Siemens Energy cuts profit outlook as Siemens Gamesa woes continue

(Reuters) – Siemens Energy on Thursday slashed its 2023 profit outlook after faulty components at the wind turbine fleet of its Siemens Gamesa unit led to higher warranty and maintenance costs, marking the latest setback in the group’s troubled relationship.

The German supplier of equipment to the power sector, which was spun off from Siemens AG (SIEGn.DE) in 2020, now expects a profit margin before special items of 1%-3% in the year through September, down from the 2%-4% previously forecast.

Siemens Energy <ENR1n.DE> owns 92.7% of Siemens Gamesa <SGREN.MC> and is currently aiming to buy the rest of the division to get a better handle on operating issues that have caused a string of profit warnings and become a drag on performance.

Siemens Energy shares were down 4.8% in late Frankfurt trade.

Siemens Gamesa earlier reported a 760 million euro ($823 million) loss before interest and tax pre-purchase price allocation and before integration and restructuring costs for the first quarter, including a 472 million euro charge.

“These charges were triggered by an evaluation of the failure rate of the installed fleet, during which Siemens Gamesa detected a negative development of failure rates in specific components resulting in higher warranty and service maintenance costs than previously estimated,” Siemens Energy said.

As a result, Siemens Energy expects a net loss in 2023 on the prior year-level, which stood at 647 million euros, having previously expected it to narrow sharply.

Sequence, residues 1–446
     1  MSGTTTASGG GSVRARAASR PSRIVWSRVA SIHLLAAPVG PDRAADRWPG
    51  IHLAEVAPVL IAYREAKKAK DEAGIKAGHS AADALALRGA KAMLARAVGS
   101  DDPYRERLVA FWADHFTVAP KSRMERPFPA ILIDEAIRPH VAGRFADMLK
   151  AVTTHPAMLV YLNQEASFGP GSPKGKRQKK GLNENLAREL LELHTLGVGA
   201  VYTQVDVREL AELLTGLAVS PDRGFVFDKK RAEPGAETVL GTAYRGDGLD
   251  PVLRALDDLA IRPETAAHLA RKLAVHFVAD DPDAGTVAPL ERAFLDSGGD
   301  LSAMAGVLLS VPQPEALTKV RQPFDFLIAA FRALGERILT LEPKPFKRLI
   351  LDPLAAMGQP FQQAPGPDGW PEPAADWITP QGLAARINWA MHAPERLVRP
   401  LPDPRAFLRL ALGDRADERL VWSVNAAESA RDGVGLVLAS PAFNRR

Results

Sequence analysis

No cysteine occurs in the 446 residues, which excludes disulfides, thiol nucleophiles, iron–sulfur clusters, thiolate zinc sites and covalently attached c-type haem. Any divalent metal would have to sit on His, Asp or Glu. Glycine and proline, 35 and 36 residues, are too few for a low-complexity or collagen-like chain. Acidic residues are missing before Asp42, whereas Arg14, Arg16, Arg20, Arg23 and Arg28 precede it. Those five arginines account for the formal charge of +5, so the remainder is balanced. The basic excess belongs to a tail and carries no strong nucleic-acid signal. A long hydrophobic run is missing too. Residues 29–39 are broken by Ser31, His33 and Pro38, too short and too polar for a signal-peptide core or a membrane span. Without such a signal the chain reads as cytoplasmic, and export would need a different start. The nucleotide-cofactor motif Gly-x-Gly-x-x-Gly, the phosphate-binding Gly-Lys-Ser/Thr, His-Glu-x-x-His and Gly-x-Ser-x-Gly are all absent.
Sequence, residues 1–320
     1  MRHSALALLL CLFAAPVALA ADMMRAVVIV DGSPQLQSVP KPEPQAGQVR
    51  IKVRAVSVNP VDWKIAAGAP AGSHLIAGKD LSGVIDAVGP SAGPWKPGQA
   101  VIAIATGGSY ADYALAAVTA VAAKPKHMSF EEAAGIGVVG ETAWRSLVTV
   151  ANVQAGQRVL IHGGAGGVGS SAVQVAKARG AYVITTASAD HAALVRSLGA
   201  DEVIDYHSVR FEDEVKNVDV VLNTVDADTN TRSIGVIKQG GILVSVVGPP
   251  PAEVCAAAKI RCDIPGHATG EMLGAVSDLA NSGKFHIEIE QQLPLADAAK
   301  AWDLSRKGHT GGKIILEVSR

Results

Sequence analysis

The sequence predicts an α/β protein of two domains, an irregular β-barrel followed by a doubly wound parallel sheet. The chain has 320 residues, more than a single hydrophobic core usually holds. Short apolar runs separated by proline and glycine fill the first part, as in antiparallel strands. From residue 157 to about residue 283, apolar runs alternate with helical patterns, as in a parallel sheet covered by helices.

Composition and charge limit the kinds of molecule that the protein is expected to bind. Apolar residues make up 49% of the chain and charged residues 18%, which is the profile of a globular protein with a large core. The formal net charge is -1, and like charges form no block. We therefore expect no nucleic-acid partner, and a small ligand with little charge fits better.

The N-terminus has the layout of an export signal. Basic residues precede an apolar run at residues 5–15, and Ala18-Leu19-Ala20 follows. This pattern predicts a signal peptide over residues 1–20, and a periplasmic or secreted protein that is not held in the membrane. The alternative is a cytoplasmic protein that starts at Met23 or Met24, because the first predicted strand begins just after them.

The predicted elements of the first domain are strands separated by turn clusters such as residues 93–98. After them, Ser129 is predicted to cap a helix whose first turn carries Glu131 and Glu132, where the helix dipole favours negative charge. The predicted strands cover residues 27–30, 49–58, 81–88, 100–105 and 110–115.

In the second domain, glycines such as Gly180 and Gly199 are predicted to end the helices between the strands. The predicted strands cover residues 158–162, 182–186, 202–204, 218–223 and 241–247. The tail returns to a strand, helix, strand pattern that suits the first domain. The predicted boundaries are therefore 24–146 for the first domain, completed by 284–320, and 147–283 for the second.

Siemens Gamesa Chief Executive Jochen Eickholt, who joined the Spanish-listed firm from Siemens Energy last year, has already announced far-reaching job cuts and pledged to turn around the loss-making firm, the world’s top maker of offshore wind turbines.

Siemens Gamesa is scheduled to hold an extraordinary general meeting on Jan. 25 where shareholders will vote on a planned delisting of its shares from the Spanish stock exchange, part of Siemens Energy’s plan to integrate the struggling division.

Siemens Energy kept its outlook for sales excluding currency translation and portfolio effects, still expecting them to grow by 3%-7%. It also raised its forecast for free cash flow pre tax, now expecting it to be positive.

It was previously expected to be negative in a low- to mid-triple-digit million euro range.

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